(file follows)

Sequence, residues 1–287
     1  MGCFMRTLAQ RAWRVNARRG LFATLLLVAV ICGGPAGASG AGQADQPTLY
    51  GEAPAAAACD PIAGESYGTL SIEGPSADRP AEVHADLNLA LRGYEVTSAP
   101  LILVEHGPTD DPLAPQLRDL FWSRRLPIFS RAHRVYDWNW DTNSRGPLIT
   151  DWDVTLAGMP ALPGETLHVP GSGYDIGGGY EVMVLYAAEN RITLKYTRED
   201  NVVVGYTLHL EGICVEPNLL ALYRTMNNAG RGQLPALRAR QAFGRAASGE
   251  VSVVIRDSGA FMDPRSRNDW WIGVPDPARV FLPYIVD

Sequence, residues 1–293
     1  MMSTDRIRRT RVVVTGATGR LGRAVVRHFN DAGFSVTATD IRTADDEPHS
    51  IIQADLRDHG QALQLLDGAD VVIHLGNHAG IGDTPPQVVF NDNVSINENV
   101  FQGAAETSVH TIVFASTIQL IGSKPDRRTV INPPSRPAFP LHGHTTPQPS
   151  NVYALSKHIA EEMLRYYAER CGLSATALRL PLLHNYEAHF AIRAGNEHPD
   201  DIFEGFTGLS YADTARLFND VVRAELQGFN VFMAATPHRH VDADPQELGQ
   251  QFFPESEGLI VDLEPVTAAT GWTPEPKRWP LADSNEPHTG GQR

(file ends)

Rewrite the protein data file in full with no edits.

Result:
Sequence, residues 1–287
     1  MGCFMRTLAQ RAWRVNARRG LFATLLLVAV ICGGPAGASG AGQADQPTLY
    51  GEAPAAAACD PIAGESYGTL SIEGPSADRP AEVHADLNLA LRGYEVTSAP
   101  LILVEHGPTD DPLAPQLRDL FWSRRLPIFS RAHRVYDWNW DTNSRGPLIT
   151  DWDVTLAGMP ALPGETLHVP GSGYDIGGGY EVMVLYAAEN RITLKYTRED
   201  NVVVGYTLHL EGICVEPNLL ALYRTMNNAG RGQLPALRAR QAFGRAASGE
   251  VSVVIRDSGA FMDPRSRNDW WIGVPDPARV FLPYIVD

Sequence, residues 1–293
     1  MMSTDRIRRT RVVVTGATGR LGRAVVRHFN DAGFSVTATD IRTADDEPHS
    51  IIQADLRDHG QALQLLDGAD VVIHLGNHAG IGDTPPQVVF NDNVSINENV
   101  FQGAAETSVH TIVFASTIQL IGSKPDRRTV INPPSRPAFP LHGHTTPQPS
   151  NVYALSKHIA EEMLRYYAER CGLSATALRL PLLHNYEAHF AIRAGNEHPD
   201  DIFEGFTGLS YADTARLFND VVRAELQGFN VFMAATPHRH VDADPQELGQ
   251  QFFPESEGLI VDLEPVTAAT GWTPEPKRWP LADSNEPHTG GQR